‘We are doing everything in the traditional way, retrieving the same tools that my family used. My grandparents, parents and uncles have grown saffron and know exactly what needs doing. And some village elders as well. They have all taught us how the tasks should be carried out,’ Daniel explains.

Raúl, who has been smoking calmly up to now, is keen to stress this point.

‘The great thing of what Daniel is saying is that we are bringing a heritage activity back to life, by doing it all again. It’s not the same as writing a book about saffron, we are making it real.’ Raúl is a graphic artist and a bike polo enthusiast who helped establish its practice in their home town. He also continues to fight for the transformation of Zaragoza into a bike friendly city. He fumbles with his bushy moustache and sideburns before adding: ‘Yes, we want to earn a living, but as we make it happen we are also honouring the product, the region and its culture.’

The morning is pushing through and there is much left to do. The three grab their bikes and begin the short ride back, each with a brimming basket. The next morning the field will be ready for collection again.

Casa Churi, the ramshackle old house which they are using as their headquarters, is slowly becoming a charming and practical living space, with its large front patio acting as the perfect spot for the next laborious activity. Raúl and Quico are sitting next to a white rectangular table where Daniel pours and spreads the contents of the wicker baskets. The mountain of cup-shaped flowers must now undergo the esbrine, the manual unblading or plucking of the three red stigmas borne at their centre. The sun is beaming down on the garden, and this helps dry the flowers, making the enterprise less arduous, but no less monotonous. The aim is to obtain the whole of each strand, and in similar size. After some banter, and once into full rhythm, Daniel is only too happy to talk about the history of saffron in the area.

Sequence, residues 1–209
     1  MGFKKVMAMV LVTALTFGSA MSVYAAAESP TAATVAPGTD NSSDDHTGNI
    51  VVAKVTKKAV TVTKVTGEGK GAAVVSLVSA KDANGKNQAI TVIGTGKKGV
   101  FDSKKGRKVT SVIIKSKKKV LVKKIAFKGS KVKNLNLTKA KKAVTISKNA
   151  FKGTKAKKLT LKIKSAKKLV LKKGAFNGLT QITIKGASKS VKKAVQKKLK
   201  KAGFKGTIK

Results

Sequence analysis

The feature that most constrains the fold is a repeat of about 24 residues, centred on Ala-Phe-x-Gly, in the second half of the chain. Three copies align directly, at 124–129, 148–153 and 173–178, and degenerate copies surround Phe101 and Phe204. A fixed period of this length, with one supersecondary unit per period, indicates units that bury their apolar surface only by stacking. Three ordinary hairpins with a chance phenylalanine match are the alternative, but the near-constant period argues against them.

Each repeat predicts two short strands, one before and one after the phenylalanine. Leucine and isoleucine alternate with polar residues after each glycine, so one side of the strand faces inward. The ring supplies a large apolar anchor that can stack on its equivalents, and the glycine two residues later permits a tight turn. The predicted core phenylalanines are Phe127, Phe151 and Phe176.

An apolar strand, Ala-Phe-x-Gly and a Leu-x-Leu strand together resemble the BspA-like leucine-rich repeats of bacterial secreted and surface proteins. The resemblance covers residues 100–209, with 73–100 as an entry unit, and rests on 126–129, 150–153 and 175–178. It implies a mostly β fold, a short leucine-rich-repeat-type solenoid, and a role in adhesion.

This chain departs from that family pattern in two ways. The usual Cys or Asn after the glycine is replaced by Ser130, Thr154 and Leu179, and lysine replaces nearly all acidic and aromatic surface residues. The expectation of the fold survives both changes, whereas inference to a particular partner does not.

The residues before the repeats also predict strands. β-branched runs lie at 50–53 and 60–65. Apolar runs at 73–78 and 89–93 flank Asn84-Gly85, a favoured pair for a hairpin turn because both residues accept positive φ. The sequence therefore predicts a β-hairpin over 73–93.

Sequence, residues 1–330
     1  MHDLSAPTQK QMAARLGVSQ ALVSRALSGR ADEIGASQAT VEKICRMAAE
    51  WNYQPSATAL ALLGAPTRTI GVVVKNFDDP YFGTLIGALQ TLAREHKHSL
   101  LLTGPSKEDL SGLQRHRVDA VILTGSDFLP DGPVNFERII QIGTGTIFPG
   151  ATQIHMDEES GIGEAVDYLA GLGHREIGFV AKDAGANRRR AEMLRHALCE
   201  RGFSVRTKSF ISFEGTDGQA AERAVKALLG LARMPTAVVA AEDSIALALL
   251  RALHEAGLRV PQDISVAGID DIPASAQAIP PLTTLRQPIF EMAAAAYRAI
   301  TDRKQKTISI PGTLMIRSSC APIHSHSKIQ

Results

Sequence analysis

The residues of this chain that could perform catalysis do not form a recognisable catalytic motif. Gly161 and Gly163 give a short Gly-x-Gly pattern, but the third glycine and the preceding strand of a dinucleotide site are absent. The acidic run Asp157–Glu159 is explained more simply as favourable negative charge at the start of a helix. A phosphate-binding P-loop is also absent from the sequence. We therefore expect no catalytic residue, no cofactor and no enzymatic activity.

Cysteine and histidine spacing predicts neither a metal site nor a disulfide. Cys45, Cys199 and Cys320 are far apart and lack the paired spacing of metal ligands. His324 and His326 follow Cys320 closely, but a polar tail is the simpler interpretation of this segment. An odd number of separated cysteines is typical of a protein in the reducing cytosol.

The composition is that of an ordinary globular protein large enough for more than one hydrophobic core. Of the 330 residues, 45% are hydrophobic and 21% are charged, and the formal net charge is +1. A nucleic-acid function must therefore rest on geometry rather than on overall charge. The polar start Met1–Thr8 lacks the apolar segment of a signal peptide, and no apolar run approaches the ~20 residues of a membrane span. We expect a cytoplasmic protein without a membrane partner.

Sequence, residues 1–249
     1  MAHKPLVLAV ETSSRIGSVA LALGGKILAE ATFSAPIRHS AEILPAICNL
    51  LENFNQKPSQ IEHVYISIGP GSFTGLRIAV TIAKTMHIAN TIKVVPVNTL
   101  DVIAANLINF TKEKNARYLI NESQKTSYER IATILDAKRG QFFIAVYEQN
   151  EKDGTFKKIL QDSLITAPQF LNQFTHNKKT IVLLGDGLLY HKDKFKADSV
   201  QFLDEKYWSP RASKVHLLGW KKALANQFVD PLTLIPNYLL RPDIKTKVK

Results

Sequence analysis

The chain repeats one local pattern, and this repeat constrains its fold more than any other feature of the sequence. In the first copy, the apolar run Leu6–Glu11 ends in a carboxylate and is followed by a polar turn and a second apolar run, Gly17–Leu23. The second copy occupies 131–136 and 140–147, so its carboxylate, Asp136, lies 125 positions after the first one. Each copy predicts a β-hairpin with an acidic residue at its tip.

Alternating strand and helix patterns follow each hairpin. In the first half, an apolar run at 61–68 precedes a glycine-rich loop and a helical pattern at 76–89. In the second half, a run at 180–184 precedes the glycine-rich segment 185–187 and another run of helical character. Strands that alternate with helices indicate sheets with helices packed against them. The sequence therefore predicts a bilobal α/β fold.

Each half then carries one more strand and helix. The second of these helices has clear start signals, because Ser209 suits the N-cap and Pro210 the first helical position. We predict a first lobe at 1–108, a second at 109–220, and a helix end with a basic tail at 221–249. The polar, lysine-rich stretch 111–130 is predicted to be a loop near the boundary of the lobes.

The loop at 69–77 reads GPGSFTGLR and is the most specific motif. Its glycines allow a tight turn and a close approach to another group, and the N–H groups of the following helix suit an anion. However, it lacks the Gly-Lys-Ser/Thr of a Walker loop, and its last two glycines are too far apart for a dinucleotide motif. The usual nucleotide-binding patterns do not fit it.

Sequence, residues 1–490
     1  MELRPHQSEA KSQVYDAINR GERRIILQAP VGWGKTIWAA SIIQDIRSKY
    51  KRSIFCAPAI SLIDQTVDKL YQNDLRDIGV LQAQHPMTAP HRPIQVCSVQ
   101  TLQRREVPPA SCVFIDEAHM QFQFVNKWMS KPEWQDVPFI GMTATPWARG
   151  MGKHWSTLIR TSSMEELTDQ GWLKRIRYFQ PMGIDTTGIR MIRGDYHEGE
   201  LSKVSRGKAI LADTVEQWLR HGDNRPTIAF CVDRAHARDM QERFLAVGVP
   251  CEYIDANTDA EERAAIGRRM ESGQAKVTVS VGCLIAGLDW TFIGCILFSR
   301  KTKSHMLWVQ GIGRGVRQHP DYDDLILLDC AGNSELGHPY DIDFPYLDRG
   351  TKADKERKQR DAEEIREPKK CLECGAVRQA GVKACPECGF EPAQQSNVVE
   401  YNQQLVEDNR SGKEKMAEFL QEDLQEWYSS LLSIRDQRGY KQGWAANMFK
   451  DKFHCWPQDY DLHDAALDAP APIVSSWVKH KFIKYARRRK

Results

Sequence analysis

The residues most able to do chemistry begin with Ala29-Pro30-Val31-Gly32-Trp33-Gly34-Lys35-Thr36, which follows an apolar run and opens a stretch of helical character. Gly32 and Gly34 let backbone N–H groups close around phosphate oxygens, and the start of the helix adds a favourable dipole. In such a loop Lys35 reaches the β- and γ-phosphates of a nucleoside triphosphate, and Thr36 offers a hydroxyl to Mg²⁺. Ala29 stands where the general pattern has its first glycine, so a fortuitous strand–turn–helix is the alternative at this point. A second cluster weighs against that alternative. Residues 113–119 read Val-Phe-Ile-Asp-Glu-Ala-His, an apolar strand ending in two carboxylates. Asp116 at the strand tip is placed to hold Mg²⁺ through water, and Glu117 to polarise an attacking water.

‘In this county, saffron was nothing like it is now. The figures speak for themselves. Back in 1910 Teruel produced thirty-six tonnes of saffron, compared to the twenty-six kilos expected this harvest,’ he says, as his fingers become tinged in orange. ‘Saffron grew primarily from here all the way down the valley. Half of the village would head down to the saffron fields.’ By valley he refers to the land leading to Monreal del Campo, the saffron capital of the region which boasts a museum on the product. ‘A lot of manual labour was needed in those days, as people would walk to the fields at night for an hour and a half in order to start picking at dawn, and horses would return loaded with basketfuls. There would even be work for the highland villagers, which were given flowers to pluck for days on end. Children also had to pick saffron before heading to school, in the bitterly cold days of back then. Now with climate change we are picking at eight in the morning sometimes in short sleeves,’ he describes, without glancing away from the stigmas he removes.